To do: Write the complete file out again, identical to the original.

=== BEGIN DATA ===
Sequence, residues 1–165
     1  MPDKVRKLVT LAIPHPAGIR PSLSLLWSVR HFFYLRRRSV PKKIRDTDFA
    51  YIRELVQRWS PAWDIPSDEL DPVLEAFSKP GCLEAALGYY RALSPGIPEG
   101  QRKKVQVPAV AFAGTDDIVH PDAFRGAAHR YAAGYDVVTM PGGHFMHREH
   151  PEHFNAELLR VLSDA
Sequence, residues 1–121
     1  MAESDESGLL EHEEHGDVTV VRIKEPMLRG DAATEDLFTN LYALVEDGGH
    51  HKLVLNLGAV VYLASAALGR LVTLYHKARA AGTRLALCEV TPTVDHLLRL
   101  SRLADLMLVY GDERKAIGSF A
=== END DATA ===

Sequence, residues 1–165
     1  MPDKVRKLVT LAIPHPAGIR PSLSLLWSVR HFFYLRRRSV PKKIRDTDFA
    51  YIRELVQRWS PAWDIPSDEL DPVLEAFSKP GCLEAALGYY RALSPGIPEG
   101  QRKKVQVPAV AFAGTDDIVH PDAFRGAAHR YAAGYDVVTM PGGHFMHREH
   151  PEHFNAELLR VLSDA
Sequence, residues 1–121
     1  MAESDESGLL EHEEHGDVTV VRIKEPMLRG DAATEDLFTN LYALVEDGGH
    51  HKLVLNLGAV VYLASAALGR LVTLYHKARA AGTRLALCEV TPTVDHLLRL
   101  SRLADLMLVY GDERKAIGSF A